117A S. Division Ave. (map it!)
Grand Rapids, MI 40503
Open Mon, Wed-Sun, 8a-12p; open Fri & Sat, 8p-12a
Accepts cash & credit/debit
Vegetarian/vegan/gluten free? Y/N/Y

Visited: Sunday, March 30, 2014 at 9:30a

“Danger. Intrigue. Donuts.” That’s the tagline for Propaganda Donuts, a hip new donut shop set up just south of downtown Grand Rapids on Division Avenue. It sets up an air of mystery and curiosity, which is followed through with a location more like a film noir set than a traditional donut shop. The space itself is an old storefront – one I’ve never visited before – with an in-set tiled entryway, a wooden door, and big windows.

The sandwich board out front gives you another clue that these donuts will be anything but traditional.

The interior is one long room, the left wall all exposed brick. There’s a small counter, while the rest of the customer space is dedicated to a few seats for waiting and a desk.

Even the counter itself is stacked with stuff like detective novels, an old wooden filing cabinet, a bottle of moonshine, binoculars.

A small display case shows off the offerings for the day. It takes a moment or two to triangulate which sign goes with which donut.

When we visited, 5-6 people were waiting for one of their daily specials – a French cruller – to be made. But we hopped right up to the counter, ordered, and were on our way.

The old desk in the waiting area keeps up the detective theme, with books, a typewriter, newspapers (some real, some fictional), and photos.

Propaganda is nailing the style, and it’s not without substance. We grabbed one of each of their daily offerings. These ranged from the standards of plain, powdered, and cinnamon sugar to more unique eats like honey roasted beets, vanilla bean buttermilk with chocolate and raspberry, and a bourbon caramel with mango, pineapple, passion fruit, and sprinkled with coconut. There wasn’t a bad donut in the bunch, although our preference was for the three more creative specials. Even the combinations that might seem too funky for some (honey roasted beets, for instance) worked quite well. And clearly they’re catching on, given the waiting crowd and the fact neighborhood folks were stopping in for coffee and a donut while walking their dogs (that’s always a good sign to me).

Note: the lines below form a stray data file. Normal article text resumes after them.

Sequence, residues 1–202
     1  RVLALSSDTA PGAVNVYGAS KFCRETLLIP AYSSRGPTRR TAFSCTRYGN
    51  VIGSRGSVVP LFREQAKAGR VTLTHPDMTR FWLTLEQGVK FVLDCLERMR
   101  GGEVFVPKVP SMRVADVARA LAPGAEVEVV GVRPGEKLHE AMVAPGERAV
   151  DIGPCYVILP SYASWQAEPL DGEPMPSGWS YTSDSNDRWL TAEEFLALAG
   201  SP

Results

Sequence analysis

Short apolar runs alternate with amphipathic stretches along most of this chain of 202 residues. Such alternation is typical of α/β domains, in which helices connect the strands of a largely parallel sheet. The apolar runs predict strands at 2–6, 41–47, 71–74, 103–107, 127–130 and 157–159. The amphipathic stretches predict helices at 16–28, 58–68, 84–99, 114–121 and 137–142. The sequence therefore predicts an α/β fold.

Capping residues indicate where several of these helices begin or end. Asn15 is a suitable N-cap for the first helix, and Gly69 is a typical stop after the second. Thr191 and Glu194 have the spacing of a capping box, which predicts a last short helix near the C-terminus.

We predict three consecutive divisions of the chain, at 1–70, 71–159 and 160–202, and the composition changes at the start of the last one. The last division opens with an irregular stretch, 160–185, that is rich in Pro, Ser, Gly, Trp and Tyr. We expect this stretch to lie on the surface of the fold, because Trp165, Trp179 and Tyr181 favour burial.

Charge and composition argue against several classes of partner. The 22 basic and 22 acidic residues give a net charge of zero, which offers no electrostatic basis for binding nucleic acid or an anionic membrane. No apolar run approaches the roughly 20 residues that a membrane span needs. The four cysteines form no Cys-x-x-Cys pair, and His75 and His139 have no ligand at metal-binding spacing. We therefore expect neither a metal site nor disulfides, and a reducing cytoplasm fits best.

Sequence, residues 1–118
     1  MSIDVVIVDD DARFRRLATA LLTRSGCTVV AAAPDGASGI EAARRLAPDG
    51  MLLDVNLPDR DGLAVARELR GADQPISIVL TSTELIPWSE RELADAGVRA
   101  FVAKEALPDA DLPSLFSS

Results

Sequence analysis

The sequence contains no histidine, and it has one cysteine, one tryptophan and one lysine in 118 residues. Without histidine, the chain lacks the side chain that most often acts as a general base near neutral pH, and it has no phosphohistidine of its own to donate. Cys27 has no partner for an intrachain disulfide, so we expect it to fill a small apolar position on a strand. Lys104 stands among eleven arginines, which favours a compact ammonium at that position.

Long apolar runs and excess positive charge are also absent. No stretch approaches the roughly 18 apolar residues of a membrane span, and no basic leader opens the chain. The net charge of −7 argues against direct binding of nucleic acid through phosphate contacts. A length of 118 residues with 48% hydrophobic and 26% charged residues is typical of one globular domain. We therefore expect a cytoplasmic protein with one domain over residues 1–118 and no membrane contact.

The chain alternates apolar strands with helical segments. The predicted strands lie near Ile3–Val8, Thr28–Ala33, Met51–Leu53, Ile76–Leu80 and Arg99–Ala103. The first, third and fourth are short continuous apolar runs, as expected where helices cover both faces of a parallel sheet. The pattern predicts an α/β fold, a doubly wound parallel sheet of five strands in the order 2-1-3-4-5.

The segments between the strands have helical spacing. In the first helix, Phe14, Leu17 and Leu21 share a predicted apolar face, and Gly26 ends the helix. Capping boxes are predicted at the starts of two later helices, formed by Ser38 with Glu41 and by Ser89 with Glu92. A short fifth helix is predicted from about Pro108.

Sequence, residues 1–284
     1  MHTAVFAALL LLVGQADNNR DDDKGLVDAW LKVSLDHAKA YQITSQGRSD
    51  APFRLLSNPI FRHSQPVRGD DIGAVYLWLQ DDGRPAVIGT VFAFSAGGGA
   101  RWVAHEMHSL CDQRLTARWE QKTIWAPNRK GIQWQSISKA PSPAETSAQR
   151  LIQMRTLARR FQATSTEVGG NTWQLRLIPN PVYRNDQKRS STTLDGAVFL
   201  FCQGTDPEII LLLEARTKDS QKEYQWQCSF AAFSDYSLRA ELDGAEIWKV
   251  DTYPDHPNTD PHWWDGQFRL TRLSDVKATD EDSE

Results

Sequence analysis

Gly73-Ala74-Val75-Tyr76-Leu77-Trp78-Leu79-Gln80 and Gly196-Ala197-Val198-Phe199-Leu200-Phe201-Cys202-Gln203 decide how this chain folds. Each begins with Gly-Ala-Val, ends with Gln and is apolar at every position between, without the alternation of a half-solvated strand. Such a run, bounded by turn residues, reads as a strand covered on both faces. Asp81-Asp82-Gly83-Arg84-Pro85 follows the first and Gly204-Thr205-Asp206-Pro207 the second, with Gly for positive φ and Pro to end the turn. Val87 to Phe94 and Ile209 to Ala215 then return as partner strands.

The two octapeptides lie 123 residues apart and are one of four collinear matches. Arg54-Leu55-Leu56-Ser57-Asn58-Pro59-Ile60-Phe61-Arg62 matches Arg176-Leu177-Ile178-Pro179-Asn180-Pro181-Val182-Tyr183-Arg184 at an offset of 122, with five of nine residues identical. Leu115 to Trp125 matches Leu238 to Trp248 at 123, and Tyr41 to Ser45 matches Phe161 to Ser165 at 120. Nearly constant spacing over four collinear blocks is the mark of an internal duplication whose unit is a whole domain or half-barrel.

Downtown Grand Rapids is experiencing a bit of renaissance, with new restaurants, the new market opening, brewpubs, and more. So it’s fitting that it would get an interesting donut place, too, and I deduce (see what I did there?) Propaganda is filling the niche. With some fun flavor combinations, responsible sourcing of ingredients, and supreme dedication to their branding, they could be on track to becoming a destination like places like Voodoo Doughnuts in Portland.

Propaganda Doughnuts on Urbanspoon

Brandywine (Lake Drive) | Grand Rapids, MI

1345 Lake Dr. SE (map it!)
Grand Rapids, MI 49506
(616) 774-8641
Open Mon-Sat, 7a-8p; Sun, 8a-8p
Accepts cash & credit/debit
Vegetarian/vegan/gluten free? Y/N/N
Kid-friendly? Y

: Friday, March 28, 2014 at 9:00 a.m.

In my hometown of Grand Rapids, the general rule is that whenever possible, you go to breakfast. Business meeting, catching up with friends, class discussion? Go to breakfast. In most cities you find breakfast and brunch joints busiest on the weekends, but in GR they’re busy every morning. So when we wanted to meet up with some good friends, we naturally went to breakfast, and we picked a spot we haven’t visited for years. Brandywine is a long-established restaurant in GR’s Eastown district, home to a string of old bookstores, gift shops, coffee shops, pubs, classic eateries like Yesterdog or newer additions like Terra GR (formerly Trillium Haven). I’m not sure when Brandywine opened, but I always remember it being there, and it being a favorite of many friends. The last time I visited, however, was back in college.